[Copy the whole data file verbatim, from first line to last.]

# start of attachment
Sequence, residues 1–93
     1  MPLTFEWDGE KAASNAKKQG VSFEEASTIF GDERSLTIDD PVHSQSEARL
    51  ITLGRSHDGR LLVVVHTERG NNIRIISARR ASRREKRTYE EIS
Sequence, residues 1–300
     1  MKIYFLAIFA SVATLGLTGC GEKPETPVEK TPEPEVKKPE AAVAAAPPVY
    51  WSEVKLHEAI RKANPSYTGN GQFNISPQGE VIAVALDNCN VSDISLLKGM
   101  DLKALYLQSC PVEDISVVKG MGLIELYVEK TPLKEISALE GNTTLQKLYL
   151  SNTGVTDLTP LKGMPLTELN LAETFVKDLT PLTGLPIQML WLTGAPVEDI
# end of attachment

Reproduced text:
Sequence, residues 1–93
     1  MPLTFEWDGE KAASNAKKQG VSFEEASTIF GDERSLTIDD PVHSQSEARL
    51  ITLGRSHDGR LLVVVHTERG NNIRIISARR ASRREKRTYE EIS
Sequence, residues 1–300
     1  MKIYFLAIFA SVATLGLTGC GEKPETPVEK TPEPEVKKPE AAVAAAPPVY
    51  WSEVKLHEAI RKANPSYTGN GQFNISPQGE VIAVALDNCN VSDISLLKGM
   101  DLKALYLQSC PVEDISVVKG MGLIELYVEK TPLKEISALE GNTTLQKLYL
   151  SNTGVTDLTP LKGMPLTELN LAETFVKDLT PLTGLPIQML WLTGAPVEDI